Green: Really, I think it was a combination of hard work and luck. We ended up putting our demo out through Maggot Stomp in March of 2019. Then we immediately started touring. We all played in bands before, and I knew that the only way we were going to get people to notice us and take things to the next level was to start touring. We went out with our other band, End Times, which was pretty much all the same members except a few, and we toured double duty every night. We did seven days up the west coast. That did really well for us. It took us to the next level. So our friends in Plague Years, who are on eOne, they hit us up and said they were doing a run with Skeletal Remains and they were going to pick up the tour home and asked us to hop on. That was really amazing! After that, we decided that we needed to keep it going.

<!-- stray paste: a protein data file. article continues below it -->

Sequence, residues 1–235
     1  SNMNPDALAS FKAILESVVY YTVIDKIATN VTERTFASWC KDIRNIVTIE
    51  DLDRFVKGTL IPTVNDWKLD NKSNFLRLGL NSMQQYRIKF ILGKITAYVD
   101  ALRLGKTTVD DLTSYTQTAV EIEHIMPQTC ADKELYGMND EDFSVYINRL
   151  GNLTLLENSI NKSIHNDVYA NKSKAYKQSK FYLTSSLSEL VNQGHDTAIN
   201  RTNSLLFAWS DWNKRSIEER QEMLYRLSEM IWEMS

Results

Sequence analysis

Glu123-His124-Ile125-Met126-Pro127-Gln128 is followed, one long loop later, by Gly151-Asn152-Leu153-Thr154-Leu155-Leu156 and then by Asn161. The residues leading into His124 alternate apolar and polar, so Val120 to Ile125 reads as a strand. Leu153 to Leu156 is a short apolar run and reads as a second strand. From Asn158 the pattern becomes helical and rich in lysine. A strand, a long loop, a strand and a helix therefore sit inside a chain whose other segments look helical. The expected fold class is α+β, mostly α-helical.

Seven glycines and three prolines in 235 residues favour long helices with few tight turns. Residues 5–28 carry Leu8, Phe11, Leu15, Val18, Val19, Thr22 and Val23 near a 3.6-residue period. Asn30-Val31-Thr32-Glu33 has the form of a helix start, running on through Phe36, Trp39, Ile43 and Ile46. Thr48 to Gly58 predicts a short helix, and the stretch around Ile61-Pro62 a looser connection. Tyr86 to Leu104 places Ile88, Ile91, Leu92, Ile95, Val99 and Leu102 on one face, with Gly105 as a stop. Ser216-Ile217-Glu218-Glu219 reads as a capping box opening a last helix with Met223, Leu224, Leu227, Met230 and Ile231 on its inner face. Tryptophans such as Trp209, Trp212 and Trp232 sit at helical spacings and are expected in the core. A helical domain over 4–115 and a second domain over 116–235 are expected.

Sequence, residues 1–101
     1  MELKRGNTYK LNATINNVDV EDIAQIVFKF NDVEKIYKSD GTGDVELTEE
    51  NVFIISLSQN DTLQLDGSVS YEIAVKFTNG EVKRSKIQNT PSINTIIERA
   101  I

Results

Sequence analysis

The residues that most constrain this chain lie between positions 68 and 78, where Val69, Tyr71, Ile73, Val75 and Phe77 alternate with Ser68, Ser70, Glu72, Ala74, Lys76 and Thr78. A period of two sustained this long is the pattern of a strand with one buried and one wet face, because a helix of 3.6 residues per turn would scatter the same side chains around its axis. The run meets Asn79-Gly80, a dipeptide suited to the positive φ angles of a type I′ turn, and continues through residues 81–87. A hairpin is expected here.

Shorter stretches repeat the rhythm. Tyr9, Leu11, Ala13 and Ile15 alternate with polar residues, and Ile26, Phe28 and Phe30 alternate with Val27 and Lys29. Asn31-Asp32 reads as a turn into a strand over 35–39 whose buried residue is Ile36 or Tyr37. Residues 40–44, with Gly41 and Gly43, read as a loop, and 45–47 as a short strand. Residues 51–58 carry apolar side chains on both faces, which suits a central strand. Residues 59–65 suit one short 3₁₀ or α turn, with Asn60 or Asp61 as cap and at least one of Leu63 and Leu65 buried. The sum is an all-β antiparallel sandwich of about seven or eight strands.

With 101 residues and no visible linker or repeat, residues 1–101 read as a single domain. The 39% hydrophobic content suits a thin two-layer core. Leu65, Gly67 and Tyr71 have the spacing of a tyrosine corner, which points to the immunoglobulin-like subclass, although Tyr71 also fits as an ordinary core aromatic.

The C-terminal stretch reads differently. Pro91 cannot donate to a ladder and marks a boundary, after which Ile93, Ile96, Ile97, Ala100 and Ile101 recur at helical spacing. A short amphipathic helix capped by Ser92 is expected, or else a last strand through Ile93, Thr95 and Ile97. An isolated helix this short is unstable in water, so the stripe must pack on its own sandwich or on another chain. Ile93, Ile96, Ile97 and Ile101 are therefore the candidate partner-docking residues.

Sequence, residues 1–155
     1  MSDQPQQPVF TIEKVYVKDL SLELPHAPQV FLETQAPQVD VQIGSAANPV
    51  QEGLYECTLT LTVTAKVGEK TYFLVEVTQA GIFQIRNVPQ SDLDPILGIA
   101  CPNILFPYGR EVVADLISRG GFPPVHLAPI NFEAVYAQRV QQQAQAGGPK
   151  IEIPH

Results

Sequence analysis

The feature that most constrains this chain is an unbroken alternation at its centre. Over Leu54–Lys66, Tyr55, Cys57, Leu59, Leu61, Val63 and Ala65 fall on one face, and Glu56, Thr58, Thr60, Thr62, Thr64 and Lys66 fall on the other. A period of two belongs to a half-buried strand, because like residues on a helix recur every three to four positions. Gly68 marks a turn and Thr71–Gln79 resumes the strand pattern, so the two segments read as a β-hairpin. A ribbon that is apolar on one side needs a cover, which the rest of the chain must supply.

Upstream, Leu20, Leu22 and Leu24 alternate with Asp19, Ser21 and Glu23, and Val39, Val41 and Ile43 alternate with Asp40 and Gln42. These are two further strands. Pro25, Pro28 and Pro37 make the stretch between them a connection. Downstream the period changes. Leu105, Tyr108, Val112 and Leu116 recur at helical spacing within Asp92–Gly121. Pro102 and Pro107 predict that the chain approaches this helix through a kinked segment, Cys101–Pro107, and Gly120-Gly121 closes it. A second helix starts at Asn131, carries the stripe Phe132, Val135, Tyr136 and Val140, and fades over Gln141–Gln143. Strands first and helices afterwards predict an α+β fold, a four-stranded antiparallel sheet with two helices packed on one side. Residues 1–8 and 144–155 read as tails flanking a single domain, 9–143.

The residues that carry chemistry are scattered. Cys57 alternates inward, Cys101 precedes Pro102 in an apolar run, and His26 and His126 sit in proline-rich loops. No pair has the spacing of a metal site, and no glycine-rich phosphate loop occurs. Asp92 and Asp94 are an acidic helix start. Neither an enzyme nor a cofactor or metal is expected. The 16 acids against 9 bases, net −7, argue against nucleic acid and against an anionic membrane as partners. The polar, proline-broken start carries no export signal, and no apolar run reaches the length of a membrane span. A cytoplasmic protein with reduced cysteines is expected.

Since we are a ‘cold’ band – our name and theme is cold, so what do we do? Let’s tour in January, which is the coldest time of the year. We toured the east coast, which was the worst idea possible because of all the snow storms and what can typically happen around that time. We went out with our friends and favorite bands out of the area, Steel Bearing Hand, and their bass player actually ended up joining our band – he plays our second guitar. He helped write the rest of the record with us. We had some crazy shows, including one at Saint Vitus, which had a lot of notoriety. The last show was a home town show. In New York, our guitar player at the time suggested to get a snow machine. I found one on Amazon for $300 so we ordered it and had it delivered in time for our last day of the tour.